Chorley Council had been using hardware token-based authentication for seven years but, due to the escalating costs and security risks, decided to review their current system and look into more cost-effective alternatives.
Asim Khan, Head of ICT and Transactional Services for Chorley Council explains; “We were experiencing an increasing number of problems around the management of hardware tokens. Employees were losing them and issuing new ones not only incurred costs for the tokens themselves but also involved additional administrative costs and time; not to mention a very real security risk”.
SecurEnvoy provides the council with a two-factor authentication solution that turns users’ mobile phones into authentication devices by using a mobile app or SMS technology. The solution provides a one-time pass code that allows users to log on remotely and securely, either on their laptop or a mobile device.
Steve Watts, co-founder of SecurEnvoy, says: “Many people use two-factor authentication every day but might not be aware of it; for example, the use of a pin and card at the ATM. The problem with any form of hardware token is it becomes yet another device to look after and to remember to carry around. Most people will protect their mobile devices more than they would a plastic token as it has a far higher monetary and personal value. We are more likely to leave hardware tokens at home, in a drawer or on the desk, but we carry mobiles everywhere, making them the perfect tool for authentication.”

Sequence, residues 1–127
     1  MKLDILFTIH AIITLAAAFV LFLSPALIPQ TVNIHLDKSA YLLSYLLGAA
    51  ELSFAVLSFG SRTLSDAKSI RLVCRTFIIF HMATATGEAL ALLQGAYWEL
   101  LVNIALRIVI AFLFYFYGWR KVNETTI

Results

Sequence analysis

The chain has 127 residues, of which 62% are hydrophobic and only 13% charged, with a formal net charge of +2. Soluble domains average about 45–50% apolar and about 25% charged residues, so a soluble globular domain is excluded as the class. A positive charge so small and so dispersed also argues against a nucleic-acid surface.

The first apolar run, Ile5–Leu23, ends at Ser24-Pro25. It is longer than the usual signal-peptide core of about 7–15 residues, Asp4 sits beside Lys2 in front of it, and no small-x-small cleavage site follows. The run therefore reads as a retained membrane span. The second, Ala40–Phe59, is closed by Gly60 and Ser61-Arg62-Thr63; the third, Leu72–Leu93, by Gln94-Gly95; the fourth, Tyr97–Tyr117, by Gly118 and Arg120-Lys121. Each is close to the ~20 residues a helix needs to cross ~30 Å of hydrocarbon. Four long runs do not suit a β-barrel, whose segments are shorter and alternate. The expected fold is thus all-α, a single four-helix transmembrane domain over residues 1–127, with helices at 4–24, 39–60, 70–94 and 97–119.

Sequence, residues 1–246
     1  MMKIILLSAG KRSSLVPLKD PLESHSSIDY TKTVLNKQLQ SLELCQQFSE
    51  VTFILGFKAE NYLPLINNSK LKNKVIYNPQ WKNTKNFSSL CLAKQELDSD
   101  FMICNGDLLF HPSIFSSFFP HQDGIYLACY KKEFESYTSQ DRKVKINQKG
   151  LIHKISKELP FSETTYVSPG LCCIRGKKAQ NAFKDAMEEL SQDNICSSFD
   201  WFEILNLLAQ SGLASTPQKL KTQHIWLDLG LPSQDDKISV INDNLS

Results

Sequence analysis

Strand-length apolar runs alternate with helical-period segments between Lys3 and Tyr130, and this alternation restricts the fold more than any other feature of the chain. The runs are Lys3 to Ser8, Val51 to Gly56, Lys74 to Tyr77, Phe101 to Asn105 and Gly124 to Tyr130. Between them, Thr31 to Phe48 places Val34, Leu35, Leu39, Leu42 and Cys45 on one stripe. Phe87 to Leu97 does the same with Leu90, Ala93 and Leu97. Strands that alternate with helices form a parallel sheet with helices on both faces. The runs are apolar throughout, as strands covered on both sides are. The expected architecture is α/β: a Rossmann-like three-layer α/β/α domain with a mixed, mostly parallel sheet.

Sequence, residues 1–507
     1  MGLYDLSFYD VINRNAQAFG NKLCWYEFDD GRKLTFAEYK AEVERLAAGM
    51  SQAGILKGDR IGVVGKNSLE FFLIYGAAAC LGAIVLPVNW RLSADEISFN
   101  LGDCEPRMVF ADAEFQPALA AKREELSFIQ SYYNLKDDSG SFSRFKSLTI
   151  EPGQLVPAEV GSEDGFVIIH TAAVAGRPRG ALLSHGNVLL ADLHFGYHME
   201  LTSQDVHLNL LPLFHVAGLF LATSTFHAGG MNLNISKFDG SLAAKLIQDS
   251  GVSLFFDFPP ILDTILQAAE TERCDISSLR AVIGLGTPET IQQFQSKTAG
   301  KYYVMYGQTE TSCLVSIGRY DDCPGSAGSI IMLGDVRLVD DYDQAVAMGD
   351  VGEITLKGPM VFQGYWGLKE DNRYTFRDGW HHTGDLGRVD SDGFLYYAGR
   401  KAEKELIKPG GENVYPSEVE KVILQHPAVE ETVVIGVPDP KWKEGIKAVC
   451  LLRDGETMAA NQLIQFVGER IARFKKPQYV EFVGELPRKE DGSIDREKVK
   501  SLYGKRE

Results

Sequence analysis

Chorley Council’s adoption of SecurEnvoy means that employees can now access their systems remotely and securely via an app on their mobile phone; making the requirement for hardware tokens redundant. The result is a saving on both time and money whilst enhancing system security and improving the user experience.